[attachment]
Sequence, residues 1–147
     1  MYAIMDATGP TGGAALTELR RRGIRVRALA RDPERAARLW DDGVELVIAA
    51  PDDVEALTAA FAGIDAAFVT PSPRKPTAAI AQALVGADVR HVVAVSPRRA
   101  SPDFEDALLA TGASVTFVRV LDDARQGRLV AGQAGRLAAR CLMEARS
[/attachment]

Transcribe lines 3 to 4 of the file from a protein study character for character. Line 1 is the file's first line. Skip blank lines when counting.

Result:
    51  PDDVEALTAA FAGIDAAFVT PSPRKPTAAI AQALVGADVR HVVAVSPRRA
   101  SPDFEDALLA TGASVTFVRV LDDARQGRLV AGQAGRLAAR CLMEARS